No. 30 was far from himself for a pretty lengthy stretch during the regular season. In an eight-game span from Dec. 31 to Jan. 22, he allowed four or more goals four times. In early March, he allowed four goals in four of seven games. The Bruins were struggling, and they didn’t have a dominant Thomas to bail them out. That seems to be in the past now for both the B’s and Thomas.
Over his last seven starts, Thomas has allowed two goals or less in each game, a span in which he’s gone 5-1-1. Though he was coming off a shootout loss to the Capitals Thursday (his first shootout loss of the season), Thomas had to have been feeling pretty good about the way he’d been playing.
Sunday’s win means Thomas has beaten the Rangers for the first time in three tries this season (Tuukka Rask got the other start). Thomas had allowed three goals in each of his two starts against the conference leaders this season (0-2-0), but on Sunday the reigning Vezina winner held Rangers to one goal on 34 shots.
|Patrice Bergeron, Tim Thomas lead Bruins past Kings||03.24.12 at 11:45 pm ET|
The Bruins maintained their two-point lead on the Senators Saturday night thanks to a 4-2 victory over the Kings in Los Angeles.
Patrice Bergeron scored a shorthanded goal 5:18 into the second period to give the B’s a 1-0 lead, but Colin Fraser‘s second goal of the season tied it later in the period. The Bruins would increase their lead to 3-1 thanks to goals from Milan Lucic and Chris Kelly, but a Slava Voynov goal with 5:14 left in regulation made it a one-goal game. The B’s would hang on to win after killing off a Jordan Caron penalty with 4:03 remaining in regulation. Brad Marchand scored an empty-netter in the final second of the game.
The Bruins’ victory broke a six-game winning streak for the Kings, who are fighting for one of the final two playoff spots in the Western Conference.
Tim Thomas played in his 15th consecutive game for the Bruins and made 40 saves on 42 shots in the victory. The win was the Bruins and Thomas’ third in his last four games.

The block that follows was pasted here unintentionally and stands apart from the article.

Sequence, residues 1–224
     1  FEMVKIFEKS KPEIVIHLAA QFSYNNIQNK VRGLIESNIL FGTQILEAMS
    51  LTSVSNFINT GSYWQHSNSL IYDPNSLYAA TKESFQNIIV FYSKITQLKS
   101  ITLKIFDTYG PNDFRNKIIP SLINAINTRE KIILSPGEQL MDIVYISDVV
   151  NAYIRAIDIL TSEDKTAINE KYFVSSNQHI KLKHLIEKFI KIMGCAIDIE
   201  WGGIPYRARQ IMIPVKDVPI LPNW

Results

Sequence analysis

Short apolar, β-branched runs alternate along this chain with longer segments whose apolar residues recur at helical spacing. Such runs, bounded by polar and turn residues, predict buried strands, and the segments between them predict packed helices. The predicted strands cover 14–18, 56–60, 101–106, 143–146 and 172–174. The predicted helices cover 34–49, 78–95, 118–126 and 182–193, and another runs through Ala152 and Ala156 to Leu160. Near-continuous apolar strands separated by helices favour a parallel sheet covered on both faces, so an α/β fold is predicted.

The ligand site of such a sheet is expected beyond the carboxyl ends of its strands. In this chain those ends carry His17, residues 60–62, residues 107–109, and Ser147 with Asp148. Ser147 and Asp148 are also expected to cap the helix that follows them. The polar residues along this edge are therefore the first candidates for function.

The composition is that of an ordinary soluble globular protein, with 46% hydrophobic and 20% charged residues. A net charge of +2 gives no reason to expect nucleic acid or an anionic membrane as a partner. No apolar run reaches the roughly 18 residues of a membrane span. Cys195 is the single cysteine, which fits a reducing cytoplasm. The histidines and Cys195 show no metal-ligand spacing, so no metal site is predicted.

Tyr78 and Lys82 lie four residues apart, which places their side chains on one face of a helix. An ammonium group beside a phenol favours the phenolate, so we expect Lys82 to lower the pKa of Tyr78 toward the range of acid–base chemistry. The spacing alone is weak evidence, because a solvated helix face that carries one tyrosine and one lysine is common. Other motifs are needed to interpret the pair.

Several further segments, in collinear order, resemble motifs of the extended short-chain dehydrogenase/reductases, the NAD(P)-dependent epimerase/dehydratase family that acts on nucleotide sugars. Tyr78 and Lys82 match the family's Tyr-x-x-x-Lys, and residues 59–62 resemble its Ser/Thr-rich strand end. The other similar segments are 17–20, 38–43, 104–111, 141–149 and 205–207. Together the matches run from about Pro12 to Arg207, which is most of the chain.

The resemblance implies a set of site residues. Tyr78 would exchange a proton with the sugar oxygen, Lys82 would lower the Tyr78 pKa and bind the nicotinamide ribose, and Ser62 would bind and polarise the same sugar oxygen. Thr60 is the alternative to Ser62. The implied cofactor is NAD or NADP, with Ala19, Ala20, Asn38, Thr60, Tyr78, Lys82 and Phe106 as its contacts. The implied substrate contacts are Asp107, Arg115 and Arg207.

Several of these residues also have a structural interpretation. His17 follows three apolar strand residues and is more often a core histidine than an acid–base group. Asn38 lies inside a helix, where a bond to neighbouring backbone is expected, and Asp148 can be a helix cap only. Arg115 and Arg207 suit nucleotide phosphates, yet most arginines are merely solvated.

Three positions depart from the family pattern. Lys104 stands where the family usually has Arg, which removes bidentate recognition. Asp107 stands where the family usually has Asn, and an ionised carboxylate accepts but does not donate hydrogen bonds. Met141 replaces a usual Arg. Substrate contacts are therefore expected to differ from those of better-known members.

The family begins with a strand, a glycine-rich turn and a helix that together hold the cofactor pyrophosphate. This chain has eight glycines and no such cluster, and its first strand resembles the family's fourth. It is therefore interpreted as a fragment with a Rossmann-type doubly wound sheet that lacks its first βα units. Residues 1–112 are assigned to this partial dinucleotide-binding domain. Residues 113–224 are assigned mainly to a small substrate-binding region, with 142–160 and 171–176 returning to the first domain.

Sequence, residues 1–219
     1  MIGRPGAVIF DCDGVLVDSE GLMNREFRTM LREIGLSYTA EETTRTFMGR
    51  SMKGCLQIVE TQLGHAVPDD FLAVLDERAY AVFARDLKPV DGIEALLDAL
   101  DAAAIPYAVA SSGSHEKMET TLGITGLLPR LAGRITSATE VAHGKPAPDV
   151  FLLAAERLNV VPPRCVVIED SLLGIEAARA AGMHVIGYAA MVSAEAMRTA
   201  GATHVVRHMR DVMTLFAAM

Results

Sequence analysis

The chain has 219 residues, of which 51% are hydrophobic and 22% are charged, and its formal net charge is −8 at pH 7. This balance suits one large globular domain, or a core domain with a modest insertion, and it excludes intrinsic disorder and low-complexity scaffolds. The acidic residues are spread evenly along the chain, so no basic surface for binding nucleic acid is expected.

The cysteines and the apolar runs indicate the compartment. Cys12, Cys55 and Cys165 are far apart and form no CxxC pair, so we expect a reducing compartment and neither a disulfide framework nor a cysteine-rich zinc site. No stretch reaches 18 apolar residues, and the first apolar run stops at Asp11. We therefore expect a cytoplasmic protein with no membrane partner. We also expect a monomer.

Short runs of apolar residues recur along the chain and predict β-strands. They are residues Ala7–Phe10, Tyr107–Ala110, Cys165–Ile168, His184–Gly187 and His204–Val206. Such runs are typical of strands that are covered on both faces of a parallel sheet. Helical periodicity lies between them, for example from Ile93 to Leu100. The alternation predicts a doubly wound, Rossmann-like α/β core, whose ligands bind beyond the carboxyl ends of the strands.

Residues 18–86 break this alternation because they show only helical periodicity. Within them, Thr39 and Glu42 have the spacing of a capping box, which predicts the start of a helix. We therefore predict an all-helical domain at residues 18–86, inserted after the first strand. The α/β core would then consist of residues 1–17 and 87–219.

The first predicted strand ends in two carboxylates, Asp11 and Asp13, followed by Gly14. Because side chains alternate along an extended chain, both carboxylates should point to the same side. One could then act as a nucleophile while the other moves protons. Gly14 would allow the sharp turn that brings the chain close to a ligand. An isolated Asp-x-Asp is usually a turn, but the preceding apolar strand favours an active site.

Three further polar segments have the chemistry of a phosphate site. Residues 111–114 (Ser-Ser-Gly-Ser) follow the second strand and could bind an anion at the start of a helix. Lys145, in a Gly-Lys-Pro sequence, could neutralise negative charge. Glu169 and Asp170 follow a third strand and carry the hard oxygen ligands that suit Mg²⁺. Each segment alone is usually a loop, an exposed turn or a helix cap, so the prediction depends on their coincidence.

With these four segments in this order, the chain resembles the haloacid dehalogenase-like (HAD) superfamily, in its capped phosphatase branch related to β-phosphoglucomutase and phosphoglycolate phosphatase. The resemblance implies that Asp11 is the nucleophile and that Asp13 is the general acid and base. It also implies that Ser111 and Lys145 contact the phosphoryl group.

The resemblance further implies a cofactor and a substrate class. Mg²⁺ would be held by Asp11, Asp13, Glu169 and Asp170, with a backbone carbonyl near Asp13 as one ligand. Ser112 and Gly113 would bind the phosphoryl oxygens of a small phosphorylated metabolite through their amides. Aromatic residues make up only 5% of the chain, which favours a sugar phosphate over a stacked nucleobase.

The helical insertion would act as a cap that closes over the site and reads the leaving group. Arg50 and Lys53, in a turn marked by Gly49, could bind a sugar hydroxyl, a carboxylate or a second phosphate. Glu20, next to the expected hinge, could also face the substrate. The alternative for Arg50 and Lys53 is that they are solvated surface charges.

The B’s will finish their three-game west coast road trip when they face the Ducks Sunday night in Anaheim.
WHAT WENT RIGHT FOR THE BRUINS
– Another fine example of why the Bruins are still dangerous when on the penalty kill. Bergeron poked the puck away from Anze Kopitar, sending the puck into the neutral zone. When Drew Doughty tried to bring the puck back through the neutral zone and into the Bruins’ zone, Marchand picked off his pass to create a shorthanded break, the rebound of which was buried by Bergeron to give the Bruins’ the 1-0 lead.
– Bergeron’s goal was his first in 13 games. Because of everything he brings special-teams wise and just as one of the premier two-way forwards in the game, Bergeron can never be considered “slumping,” but his return to the goal column is a sign the Bruins will welcome. Bergeron has now scored 20 goals in back-to-back seasons and four of the six seasons in which he’s played 70 or more games.
– Thomas was once again big for the Bruins, and it’s starting to look like he’s finally busted out of his midseason malaise. The reigning Vezina winner is 3-1-0 in his last four games with six goals allowed and one shutout. Thomas came up with a big stop on Dustin Brown in the second period with the Bruins caught in the midst of a line change, but his best work came in the final minute of the game, rejecting an onslaught of bids from the Kings.
WHAT WENT WRONG FOR THE BRUINS
– The Bruins could have really put the game out of reach with six minutes left in the game, but Jonathan Quick robbed David Krejci. Lucic created the play by bursting past multiple Kings players in the neutral zone, and he and Krejci broke into the Kings’ zone with a 2-on-1. Lucic fed Krejci, only to see Quick rob him and keep it a two-goal game. The Kings got within one less than a minute later.
– The Bruins couldn’t have picked a worse time to be killing a penalty, as Caron went off for high sticking with 4:03 remaining in the game. The Kings had momentum thanks to Voynov’s goal less than a minute earlier, but the B’s were able to kill off the man advantage as past of a big night for the team’s penalty kill.